Boston Scientific Suspends Defibrillator Sales
WASHINGTON (AP) — Medical device maker Boston Scientific said Monday it is suspending sales of its heart-shocking defibrillator implants after failing to alert regulators to changes in manufacturing of the best-selling devices.
The company said it uncovered two production changes that were not cleared with the Food and Drug Administration. Medical device makers are required to alert regulators to significant changes in life-sustaining devices like defibrillators, which help correct irregular heart beats.
The Natick, Mass.-based company said it will retrieve all the affected devices from suppliers and hospitals. It was unclear when the company would resume sales.
The company stressed there are no safety concerns with the devices and patients can continue using them as normal.
Monday's announcement was the latest in a string of problems for Boston Scientific's defibrillator business, which was acquired through the 2006 buyout of Guidant for a hefty $27 billion price tag.
That same year the company received a rare companywide warning letter from the FDA, which temporarily halted approval of all new products. Over the next two years the company issued multiple safety recalls on its devices.
Boston Scientific CEO Ray Elliott recently announced a major restructuring plan to trim operating costs.
But Morgan Stanley analyst David Lewis said Monday's announcement "will weaken quality perception of a company that was on the brink of recovery."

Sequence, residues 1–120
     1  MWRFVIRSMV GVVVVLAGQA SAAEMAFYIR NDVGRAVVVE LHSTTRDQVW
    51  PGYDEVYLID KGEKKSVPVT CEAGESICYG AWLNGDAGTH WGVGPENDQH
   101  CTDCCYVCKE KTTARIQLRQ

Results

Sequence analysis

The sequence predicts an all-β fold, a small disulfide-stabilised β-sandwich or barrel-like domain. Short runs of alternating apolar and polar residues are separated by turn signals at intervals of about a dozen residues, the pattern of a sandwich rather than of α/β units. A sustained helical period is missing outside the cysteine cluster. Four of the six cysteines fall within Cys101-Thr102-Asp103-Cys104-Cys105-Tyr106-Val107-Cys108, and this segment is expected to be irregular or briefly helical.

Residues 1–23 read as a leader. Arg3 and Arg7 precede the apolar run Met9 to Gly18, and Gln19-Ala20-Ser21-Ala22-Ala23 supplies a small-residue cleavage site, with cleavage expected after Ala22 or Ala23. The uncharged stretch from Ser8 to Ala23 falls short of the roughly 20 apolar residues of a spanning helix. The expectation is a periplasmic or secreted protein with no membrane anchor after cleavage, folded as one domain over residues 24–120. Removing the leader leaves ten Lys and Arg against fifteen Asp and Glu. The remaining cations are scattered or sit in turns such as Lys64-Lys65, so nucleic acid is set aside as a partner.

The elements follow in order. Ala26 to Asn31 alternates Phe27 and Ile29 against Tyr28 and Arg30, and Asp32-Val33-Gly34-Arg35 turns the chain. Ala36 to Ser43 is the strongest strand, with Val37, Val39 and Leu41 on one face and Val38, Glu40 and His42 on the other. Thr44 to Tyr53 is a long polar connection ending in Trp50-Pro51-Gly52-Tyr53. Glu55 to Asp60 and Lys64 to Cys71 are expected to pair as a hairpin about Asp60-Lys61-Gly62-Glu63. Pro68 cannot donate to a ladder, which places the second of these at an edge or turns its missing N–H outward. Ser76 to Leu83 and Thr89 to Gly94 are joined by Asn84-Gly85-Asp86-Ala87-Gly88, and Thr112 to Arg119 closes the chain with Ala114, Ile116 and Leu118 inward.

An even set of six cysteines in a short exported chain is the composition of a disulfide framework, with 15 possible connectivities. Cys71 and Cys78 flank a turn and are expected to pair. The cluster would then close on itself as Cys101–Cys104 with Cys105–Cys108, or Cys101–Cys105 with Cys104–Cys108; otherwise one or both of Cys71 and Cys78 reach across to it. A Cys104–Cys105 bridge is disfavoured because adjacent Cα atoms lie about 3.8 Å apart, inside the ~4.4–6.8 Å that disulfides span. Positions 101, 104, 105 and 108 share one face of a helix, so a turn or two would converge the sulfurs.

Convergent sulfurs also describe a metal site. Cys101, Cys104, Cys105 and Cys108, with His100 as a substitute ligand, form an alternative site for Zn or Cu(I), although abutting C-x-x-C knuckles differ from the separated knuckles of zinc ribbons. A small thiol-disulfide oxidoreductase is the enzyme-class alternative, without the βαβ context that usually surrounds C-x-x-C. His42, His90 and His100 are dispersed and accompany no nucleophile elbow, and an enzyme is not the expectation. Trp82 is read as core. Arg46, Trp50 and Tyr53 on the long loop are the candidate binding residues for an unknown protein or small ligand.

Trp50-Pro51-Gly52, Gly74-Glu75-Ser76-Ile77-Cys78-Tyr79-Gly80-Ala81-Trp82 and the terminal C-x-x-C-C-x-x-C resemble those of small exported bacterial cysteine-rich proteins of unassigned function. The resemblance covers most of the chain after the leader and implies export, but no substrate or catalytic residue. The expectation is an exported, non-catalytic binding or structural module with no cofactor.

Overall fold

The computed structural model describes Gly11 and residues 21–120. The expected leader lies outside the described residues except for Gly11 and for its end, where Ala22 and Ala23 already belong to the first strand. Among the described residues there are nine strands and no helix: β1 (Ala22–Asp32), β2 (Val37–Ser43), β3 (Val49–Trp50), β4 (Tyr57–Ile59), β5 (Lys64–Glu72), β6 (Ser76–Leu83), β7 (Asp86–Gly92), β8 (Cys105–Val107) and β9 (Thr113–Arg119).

Shares of Boston Scientific plunged 98 cents, or 12.6 percent, to close at $6.80 Monday. Earlier shares traded at a 52-week low of $6.31.
Defibrillators are surgically implanted in the upper chest, where they monitor the heart for deadly irregular heartbeats and use electrical jolts to shock it back to a normal rhythm.
The devices make up 15 percent of total company revenue.
Boston Scientific accounts for about a quarter of the global defibrillator market, and analysts had expected the company to expand that share with the help of updated products.
However, Bernstein Research analyst Derrick Sung said in a research note that the sales suspension will likely deal a major blow to the company's brand.
"We believe this latest 'implantable cardiac defibrillator' action could have tremendous negative impact to Boston Scientific's business both from an acute and longer-term perspective, with St. Jude Medical and Medtronic both benefiting," wrote Sung.
Minneapolis-based Medtronic is the world's largest device maker and accounts for 45 percent of the defibrillator market, while St. Jude makes up 23 percent.
Sung estimated Boston Scientific will lose $5 million per day during the sales suspension.
The company said it is working with the FDA to resolve the situation as quickly as possible.
Company officials acknowledged that the suspension would likely affect its financial earnings guidance for the year. Last month Boston Scientific projected 2010 earnings between 62 and 72 cents per share.
Pacemakers and defibrillators, collectively termed "cardiac rhythm management" devices, are Boston Scientific's largest franchise. In the fourth quarter, the company reported $645 million in sales for the devices.